At this point, bupropion and buspirone somewhat differ. Bupropion can affect two types of neurotransmitters: norepinephrine and dopamine. This drug can bind to the norepinephrine transporter, thereby increasing the release of norepinephrine, so this drug increases the norepinephrine transmission within the CNS.

Similarly, it can block another transporter, DAT, the dopamine transporter, thereby increasing the release of dopamine, which can increase dopamine levels within the CNS. In this way, bupropion mainly acts by increasing norepinephrine and dopamine levels within the CNS.

On the other hand, buspirone affects serotonin transmission. This drug can block the 5HT-1A receptors, which are autoinhibitory receptors. By blocking these receptors, initially buspirone can reduce the release of 5HT, so serotonin release is initially inhibited, but after a few days of treatment, the 5HT-1A receptors are desensitized because of their repeated activation with buspirone. So this results in decreased activity of 5HT-1A receptors, thereby increasing 5HT release.

In this way, buspirone initially reduces the 5-HT release, but later it can increase the serotonin release. This requires some time; that's why buspirone shows delayed pharmacological actions. Again, at this point, bupropion and buspirone differ; that's why they are used for different clinical indications.

5. Dosage

Bupropion is available as a tablet, which is of two types: the immediate release tablet, where the drug is immediately released within the stomach, and the extended release tablet, which is a formulation from which the drug is slowly released in an extended way. These two formulations are available for bupropion, and this drug is initially started at 150 mg given once daily. The dose can be increased to a maximum of 400 mg or 300 mg based on the clinical indication and the patient's conditions. But the starting dose of bupropion is 150 mg given once daily.

On the other hand, buspirone is available as an immediate-release tablet, and it is given at a dose of 7.5 mg given twice daily, so the total daily dose is 15 mg. This 15 mg dose can also be given in another way, as 5mg tablets thrice daily. So we can clearly observe that buspirone is given at a very low dose compared with bupropion.

6. Side effects

Both of these drugs, bupropion and buspirone, act on the CNS, so they can produce some central side effects, which are somewhat similar since they act on the CNS. They can produce some dizziness, lightheadedness, insomnia, and lack of sleep. Similarly, they can produce other central side effects like headaches and drowsiness, but they can also show a few of the specific side effects.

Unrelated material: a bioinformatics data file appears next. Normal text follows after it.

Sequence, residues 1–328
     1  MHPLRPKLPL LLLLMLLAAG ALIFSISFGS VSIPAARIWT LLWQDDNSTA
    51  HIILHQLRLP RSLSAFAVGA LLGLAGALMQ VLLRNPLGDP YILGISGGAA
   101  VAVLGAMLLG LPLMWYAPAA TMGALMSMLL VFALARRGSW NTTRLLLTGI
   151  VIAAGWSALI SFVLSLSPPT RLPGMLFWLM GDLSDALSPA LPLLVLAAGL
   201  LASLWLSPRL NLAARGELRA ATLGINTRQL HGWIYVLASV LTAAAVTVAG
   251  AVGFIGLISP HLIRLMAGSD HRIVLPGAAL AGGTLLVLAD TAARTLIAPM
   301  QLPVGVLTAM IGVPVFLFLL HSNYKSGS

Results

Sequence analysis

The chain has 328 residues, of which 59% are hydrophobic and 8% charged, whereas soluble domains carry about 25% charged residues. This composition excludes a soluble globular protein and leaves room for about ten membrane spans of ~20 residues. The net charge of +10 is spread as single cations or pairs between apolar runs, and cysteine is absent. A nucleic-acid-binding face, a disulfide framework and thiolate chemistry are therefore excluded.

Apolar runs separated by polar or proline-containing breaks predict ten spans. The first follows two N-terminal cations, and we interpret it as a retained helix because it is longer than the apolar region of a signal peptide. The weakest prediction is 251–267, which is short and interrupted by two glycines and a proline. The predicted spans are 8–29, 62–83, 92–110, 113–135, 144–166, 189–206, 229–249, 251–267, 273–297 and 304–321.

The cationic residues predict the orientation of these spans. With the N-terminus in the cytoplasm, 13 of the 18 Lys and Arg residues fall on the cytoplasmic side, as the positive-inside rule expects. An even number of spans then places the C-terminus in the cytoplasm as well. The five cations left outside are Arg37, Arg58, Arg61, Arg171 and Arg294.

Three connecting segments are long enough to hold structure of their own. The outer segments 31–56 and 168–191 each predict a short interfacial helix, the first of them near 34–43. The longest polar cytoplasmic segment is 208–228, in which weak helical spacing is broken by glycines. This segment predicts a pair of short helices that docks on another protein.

Bupropion can increase anxiety in people, whereas buspirone can increase restlessness in people. These are the specific side effects produced by bupropion and buspirone, respectively. So few of the side effects are similar, but a few of the side effects are specific to these two drugs.

7. Effects of MAO inhibitors

At this point again, bupropion and buspirone show similarity; MAO is one of the cleavage enzymes of monoamine oxidase. This monoamine oxidase can produce a metabolism of catecholamines like norepinephrine, dopamine, and 5HT. So when MAO inhibitors are used along with these two drugs, they can show a few of the drug interactions. So drugs like phenelzine, tranylcypromine, isocarboxazid, and even antibiotics like linezolid have MAO inhibitory activity.

When they are combined with bupropion and buspirone, they can produce serotonin syndrome, resulting in a few of the symptoms like agitation,confusion, insomnia, and hypertension; all of these are collectively called serotonin syndrome. So these two drugs should be avoided with MAO inhibitors, and there should be at least a 14-day gap between the administration of these drugs and MAO inhibitors.

8. Effects of alcohol

Since both bupropion and buspirone act centrally, they can also affect the activity of alcohol. Alcohol is a CNS depressant, so when it is combined with bupropion, it can increase seizure induction. Similarly, when it is combined with buspirone, it can increase drowsiness. Because of these effects of alcohol, it is recommended that alcohol not be taken along with bupropion and buspirone.

9. Drug interactions

Interestingly, both bupropion and buspirone are metabolized by the CYP3A4 enzyme, one of the metabolic enzymes within the liver, so CYP3A4 inhibitors like ketoconazole, fluconazole, clarithromycin, and diltiazem can affect the metabolism of these drugs, so CYP3A4 inhibitors should be carefully combined with either bupropion or buspirone. At this point again, both of these drugs are somewhat similar.

10. Effect on liver

Here we can find another difference between bupropion and buspirone. Bupropion can increase the risk of hepatic damage, so it can produce some hepatic impairment, whereas buspirone does not show such activity; instead, it can improve hepatic function, so hepatic impairment is more pronounced with the use of bupropion.

In this way, bupropion and buspirone are the two drugs that look somewhat similar but are somewhat different. Bupropion is an anti-depressant, whereas buspirone is an anxiolytic. Even though both of these drugs have similarities, they are indicated for different purposes, and they are not at all equivalent.